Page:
November 27, 2015

Clemson’s Phillips selected for bowl hall of fame

Terry Don Phillips

Terry Don Phillips

Retiring Clemson athletics director Terry Don Phillips is one of five people selected for induction into the Chick-Fil-A Bowl Hall of Fame the bowl announced Saturday morning.

The release included the following on Phillips:

After more than 40 years working in college athletics, Phillips retired as the Clemson athletic director in November 2012. In his 10 years at the helm, many of Clemson’s sports have competed for ACC and national titles while also setting a university record for collective GPA in the 2011-12 academic year. Phillips also focused on improving the athletic facilities of every sport, including the WestZone project at Memorial Stadium.  Clemson appeared in the Chick-fil-A Bowl twice during Phillips’ time as athletic director. The Tigers defeated Tennessee in the 2003 Chick-fil-A Peach Bowl and fell to Auburn in the game’s only overtime matchup in history in 2007. Phillips was also instrumental in Clemson’s involvement in the 2008 and 2012 Chick-fil-A Kickoff Games.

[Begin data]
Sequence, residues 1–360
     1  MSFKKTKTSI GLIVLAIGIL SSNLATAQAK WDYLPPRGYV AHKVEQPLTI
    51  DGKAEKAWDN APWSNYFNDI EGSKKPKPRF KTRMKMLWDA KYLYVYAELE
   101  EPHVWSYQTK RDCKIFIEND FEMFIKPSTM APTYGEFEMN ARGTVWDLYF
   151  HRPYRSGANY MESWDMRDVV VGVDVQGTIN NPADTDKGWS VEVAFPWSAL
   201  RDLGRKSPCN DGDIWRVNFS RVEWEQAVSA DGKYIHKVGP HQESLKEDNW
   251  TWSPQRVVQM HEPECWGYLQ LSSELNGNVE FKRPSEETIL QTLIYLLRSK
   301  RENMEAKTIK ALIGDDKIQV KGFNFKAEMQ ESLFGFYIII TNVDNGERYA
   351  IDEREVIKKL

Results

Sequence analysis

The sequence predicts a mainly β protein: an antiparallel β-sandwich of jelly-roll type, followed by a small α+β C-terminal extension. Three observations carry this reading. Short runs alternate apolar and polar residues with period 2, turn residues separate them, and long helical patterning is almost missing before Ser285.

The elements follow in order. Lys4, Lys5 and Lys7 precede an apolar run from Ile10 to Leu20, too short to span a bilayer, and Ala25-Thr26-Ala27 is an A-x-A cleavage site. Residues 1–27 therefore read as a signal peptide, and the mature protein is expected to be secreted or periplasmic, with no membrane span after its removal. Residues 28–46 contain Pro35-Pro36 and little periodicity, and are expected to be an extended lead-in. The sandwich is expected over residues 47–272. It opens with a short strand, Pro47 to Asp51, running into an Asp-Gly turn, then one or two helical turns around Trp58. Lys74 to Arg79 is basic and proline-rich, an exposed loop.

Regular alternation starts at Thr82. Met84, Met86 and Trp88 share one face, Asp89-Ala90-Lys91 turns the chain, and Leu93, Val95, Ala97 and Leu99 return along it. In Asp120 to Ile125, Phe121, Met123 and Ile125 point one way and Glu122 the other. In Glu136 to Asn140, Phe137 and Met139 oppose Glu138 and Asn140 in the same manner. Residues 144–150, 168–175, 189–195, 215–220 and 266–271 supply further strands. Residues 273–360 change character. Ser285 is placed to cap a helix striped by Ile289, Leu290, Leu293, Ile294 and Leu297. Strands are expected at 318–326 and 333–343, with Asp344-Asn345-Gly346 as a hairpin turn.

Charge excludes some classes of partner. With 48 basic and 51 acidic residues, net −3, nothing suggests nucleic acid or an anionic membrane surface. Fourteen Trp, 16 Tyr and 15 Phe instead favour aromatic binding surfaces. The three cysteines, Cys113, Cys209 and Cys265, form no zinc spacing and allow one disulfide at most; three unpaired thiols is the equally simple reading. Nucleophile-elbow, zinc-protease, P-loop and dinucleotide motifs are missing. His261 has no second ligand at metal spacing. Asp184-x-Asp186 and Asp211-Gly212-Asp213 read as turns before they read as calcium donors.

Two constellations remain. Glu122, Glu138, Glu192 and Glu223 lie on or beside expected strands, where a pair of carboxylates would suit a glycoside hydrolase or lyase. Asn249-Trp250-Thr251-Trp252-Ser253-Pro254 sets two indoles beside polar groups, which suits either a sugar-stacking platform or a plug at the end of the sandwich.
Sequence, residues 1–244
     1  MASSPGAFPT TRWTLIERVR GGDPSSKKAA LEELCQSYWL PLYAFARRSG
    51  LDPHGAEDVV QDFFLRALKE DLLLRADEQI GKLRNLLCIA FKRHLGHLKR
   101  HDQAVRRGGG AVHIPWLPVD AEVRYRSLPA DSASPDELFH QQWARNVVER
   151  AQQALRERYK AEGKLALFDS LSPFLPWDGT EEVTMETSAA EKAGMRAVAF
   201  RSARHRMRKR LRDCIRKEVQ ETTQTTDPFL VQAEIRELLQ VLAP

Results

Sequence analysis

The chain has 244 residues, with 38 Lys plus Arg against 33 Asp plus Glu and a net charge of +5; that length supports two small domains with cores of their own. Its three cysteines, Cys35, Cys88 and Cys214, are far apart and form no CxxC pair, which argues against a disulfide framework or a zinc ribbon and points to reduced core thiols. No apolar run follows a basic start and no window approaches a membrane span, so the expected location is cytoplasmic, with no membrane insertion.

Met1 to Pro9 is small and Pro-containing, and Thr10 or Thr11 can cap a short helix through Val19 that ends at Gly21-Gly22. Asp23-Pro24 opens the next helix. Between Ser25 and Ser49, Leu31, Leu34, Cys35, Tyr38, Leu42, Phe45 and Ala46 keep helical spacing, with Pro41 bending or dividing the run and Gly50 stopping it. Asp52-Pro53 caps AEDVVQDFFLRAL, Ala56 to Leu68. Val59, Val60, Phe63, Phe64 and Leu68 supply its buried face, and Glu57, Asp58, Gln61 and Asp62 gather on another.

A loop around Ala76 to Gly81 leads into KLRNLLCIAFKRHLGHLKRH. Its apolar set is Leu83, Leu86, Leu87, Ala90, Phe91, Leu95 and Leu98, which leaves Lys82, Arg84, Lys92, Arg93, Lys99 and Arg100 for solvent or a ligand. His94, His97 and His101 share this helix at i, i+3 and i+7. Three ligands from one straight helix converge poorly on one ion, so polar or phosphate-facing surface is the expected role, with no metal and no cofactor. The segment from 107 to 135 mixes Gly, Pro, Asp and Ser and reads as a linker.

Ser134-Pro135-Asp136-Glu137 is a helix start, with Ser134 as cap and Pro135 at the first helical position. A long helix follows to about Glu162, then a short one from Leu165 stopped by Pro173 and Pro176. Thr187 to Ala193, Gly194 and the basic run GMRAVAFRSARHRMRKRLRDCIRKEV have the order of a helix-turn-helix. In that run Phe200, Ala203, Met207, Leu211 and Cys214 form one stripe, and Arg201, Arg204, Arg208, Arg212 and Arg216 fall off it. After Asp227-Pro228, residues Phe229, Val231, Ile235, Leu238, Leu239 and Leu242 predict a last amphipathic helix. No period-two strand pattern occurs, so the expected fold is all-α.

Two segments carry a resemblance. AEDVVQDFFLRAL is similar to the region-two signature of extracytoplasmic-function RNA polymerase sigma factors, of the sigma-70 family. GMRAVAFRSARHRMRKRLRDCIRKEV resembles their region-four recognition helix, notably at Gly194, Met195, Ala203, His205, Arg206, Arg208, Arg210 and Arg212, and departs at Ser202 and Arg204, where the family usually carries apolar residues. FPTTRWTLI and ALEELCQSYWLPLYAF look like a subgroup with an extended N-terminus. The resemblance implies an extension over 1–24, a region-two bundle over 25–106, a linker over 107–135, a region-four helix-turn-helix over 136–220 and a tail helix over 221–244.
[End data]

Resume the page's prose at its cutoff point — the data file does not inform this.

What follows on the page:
Also to be inducted are former Delta Air Lines President and CEO Ron Allen, former Tennessee coach Phillip Fulmer,  former bowl executive director Robert Dale Morgan and former Georgia offensive lineman Matt Stinchcomb.

“Throughout our 45-year history, we’ve been fortunate to host in our game some of the most accomplished players, coaches and administrators in all of college sports and this inductee class is a perfect example of that,” said Gary Stokan, Chick-fil-A Bowl president and CEO. “This year’s group is a cross-section of what is great about college sports and how to play it, coach it and manage it in a first-class manner.”

Established in 2002, the Chick-fil-A Bowl Hall of Fame honors former players, coaches and contributors, as well as staff and volunteers, who have had a significant impact on the Bowl. There are now 36 current members, including players such as Mike Singletary, Reggie White and Jim Kelly, and coaches including Bobby Dodd, Vince Dooley and Lou Holtz.

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